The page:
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How do we sum up this phase of education?

The bards were a professional class serving the needs of the aristocratic chieftains. They were men of letters trained in a polished literary medium. They discharged their function much in the same manner as a journalist or a PRO person would today. They were chroniclers, public officials, essayists and keen satirists at times, catering for a privileged class. But who catered for the educational needs of the ordinary folk? We don't know. Other professionals were the Brehons in law and the Medicals, but none are known from this area.

Next major changes.

After the Reformation, in the mid 16th Century, the Protestant clergy were encouraged to open parochial schools and pay teachers of English but although reinforced with Penal Laws in 1696, there were only 200 operating by the end of the 18th Century. Irish poetry remained vibrant for two more centuries. Courts of poetry replaced the Bardic schools. We have the fine poets of the Sliabh Luachra area, especially Aodhgan O'Rathaille and Eoghan Rua O'Suilleabhain in the 17th and 18th Century.

One characteristic of their poetry, is the sense in which wounded pride persists and the hope of restoration was embodied in a new type of poem called the Aisling. The poet, in a state of trance, had a vision of a beautiful speirbhean who promised hope. Gile na Gile and Mac an Cheannai are two fine specimens from the pen of Aodhgan. Courts of poetry survived into the latter half of the 18th Century.


Hedge Schools.

Hedge schools operated from the beginning of the 18th Century in defiance of the Penal Laws. They were so called because the masters convened the pupils on the sunny side of the hedge of a secluded field. Many of the above mentioned poets were Hedge School teachers e.g. Eoghan Rua O'Suilleabhain in Knocknagree, Edward Walsh in Cullen and Millstreet, Liam dall O'Heifearaain in Tipperary, etc.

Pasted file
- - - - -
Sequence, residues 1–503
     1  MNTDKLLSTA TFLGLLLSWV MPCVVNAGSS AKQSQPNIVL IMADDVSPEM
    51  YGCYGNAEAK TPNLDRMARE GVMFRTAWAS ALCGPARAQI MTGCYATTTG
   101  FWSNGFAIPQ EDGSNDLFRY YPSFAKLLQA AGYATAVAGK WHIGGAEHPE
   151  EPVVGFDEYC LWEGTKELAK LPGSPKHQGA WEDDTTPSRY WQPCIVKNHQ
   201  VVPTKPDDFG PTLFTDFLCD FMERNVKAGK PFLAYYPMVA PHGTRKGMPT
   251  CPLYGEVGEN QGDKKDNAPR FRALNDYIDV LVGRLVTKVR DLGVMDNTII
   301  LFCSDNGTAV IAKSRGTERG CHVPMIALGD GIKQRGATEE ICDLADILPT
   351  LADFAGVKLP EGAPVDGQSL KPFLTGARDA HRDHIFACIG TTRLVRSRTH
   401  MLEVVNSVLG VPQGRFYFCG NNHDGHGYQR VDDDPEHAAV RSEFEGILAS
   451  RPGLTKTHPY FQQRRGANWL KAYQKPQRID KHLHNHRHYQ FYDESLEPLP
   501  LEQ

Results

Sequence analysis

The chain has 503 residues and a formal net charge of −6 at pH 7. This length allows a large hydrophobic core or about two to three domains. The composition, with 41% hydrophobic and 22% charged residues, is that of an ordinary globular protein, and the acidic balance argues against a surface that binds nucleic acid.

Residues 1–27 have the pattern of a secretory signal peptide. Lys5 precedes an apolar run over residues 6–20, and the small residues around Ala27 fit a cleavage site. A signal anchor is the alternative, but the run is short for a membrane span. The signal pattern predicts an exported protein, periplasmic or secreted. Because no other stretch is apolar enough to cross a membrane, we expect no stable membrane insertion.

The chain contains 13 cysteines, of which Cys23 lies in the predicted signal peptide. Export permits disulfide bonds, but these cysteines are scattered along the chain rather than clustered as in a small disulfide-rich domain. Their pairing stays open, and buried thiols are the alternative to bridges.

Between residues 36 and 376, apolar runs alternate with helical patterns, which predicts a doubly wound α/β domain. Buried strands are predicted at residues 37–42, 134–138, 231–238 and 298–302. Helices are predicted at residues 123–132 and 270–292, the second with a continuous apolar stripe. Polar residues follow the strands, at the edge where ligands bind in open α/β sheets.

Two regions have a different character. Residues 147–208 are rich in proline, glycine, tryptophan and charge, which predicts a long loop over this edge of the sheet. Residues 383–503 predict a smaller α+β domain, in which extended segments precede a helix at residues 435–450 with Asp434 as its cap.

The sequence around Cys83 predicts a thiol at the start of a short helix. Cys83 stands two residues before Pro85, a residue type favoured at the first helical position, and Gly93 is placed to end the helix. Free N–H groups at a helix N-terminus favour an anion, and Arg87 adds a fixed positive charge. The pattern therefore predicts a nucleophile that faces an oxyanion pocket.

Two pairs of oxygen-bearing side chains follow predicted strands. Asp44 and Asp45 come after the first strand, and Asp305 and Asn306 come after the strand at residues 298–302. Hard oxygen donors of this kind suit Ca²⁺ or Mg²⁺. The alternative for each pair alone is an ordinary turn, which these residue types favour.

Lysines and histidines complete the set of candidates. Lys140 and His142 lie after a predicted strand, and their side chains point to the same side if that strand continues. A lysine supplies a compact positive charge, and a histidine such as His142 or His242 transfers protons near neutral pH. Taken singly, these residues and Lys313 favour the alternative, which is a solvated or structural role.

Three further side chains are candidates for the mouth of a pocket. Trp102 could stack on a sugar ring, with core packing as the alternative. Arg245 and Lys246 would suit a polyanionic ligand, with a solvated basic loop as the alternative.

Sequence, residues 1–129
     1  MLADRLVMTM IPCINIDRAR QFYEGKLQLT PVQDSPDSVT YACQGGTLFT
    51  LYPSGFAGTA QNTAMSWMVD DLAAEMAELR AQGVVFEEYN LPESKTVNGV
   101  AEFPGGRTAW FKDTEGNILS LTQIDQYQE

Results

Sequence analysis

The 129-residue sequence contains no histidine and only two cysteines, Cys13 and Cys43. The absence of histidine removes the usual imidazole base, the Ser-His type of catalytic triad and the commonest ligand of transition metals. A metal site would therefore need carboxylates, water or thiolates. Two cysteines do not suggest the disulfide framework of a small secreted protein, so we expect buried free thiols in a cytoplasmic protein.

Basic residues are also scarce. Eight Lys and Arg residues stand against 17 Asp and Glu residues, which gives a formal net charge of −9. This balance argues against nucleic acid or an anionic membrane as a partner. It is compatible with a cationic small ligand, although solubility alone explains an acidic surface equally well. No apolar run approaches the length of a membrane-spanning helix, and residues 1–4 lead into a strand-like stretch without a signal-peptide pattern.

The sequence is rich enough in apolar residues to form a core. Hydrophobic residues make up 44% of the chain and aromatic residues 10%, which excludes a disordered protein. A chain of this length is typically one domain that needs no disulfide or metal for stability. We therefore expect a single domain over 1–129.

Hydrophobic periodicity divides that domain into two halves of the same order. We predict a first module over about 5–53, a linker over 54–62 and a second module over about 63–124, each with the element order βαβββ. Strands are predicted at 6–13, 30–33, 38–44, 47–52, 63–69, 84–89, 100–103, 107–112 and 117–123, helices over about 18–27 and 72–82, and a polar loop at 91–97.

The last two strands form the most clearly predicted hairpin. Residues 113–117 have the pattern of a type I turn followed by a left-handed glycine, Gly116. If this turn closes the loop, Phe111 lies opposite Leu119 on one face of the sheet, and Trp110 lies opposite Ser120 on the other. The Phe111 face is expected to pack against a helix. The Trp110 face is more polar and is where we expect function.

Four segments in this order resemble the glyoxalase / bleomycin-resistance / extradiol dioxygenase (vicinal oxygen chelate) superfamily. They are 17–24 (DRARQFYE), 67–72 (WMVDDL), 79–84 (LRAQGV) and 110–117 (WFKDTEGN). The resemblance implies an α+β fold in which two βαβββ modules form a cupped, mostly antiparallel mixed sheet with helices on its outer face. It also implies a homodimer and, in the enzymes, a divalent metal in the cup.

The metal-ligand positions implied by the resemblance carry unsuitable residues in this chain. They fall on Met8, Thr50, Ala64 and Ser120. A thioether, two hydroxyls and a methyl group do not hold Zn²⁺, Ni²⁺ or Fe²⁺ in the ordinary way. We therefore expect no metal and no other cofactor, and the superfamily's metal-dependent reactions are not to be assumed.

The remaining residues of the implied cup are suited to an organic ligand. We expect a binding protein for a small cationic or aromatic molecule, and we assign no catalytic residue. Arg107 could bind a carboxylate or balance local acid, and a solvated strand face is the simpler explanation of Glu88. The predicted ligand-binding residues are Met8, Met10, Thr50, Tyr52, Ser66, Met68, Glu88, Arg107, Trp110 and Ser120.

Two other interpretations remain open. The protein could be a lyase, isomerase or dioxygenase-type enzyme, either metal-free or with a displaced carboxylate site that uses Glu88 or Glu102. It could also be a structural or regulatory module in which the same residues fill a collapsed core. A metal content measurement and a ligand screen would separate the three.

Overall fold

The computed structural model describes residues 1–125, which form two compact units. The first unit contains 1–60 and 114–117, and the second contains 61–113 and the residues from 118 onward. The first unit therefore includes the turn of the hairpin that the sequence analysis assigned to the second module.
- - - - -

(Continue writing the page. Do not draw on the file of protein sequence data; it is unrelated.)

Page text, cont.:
In the latter half of the 18th Century, as the Penal" Laws became more relaxed or were not as stringently implemented. The schools operated more openly in farmhouses, barns or in the schoolmaster's home, if it was of reasonable size. Usually they provided a basic education in the 3Rs. Learning was by rote as books and materials were scarce and these Hedge Schools had to be financially self subsistent. Teachers received a weekly stipend for the task, either a small fee or reward in kind, from the parents. Despite the difficult conditions under which they operated, they had a varied curriculum. There is no one model that applied. Although hidden away and run on an ad hoc basis, it is estimated that that there were 9,000 in Ireland by 1824 with 300,000 pupils.

There are varying accounts of what they were like. Some writers stress the humble and clandestine nature of the enterprise and the heroic efforts of the teachers to provide basic skills in literacy and numeracy. Other accounts harp on the low standards of education and the subversive attitude of teachers.

In any evaluation there are two facts that we need to keep in mind:

Firstly, during the early stages of the Penal laws Catholics were prohibited from conducting schools or sending their children abroad for education, thus leaving them with no educational provision whatsoever.

Secondly, Catholics were an impoverished class and endured great hardship.

The 18th Century is regarded as the era of Protestant ascendancy. The Protestant landlords grew rich and built large residences on their estates. By 1778 only 5% of Irish land was in Catholic hands even though they constituted 75% of the population, which was approaching five million by 1800. Tenant farmers struggled to pay their rent and to also pay tithes to the established church, to which few of them belonged.

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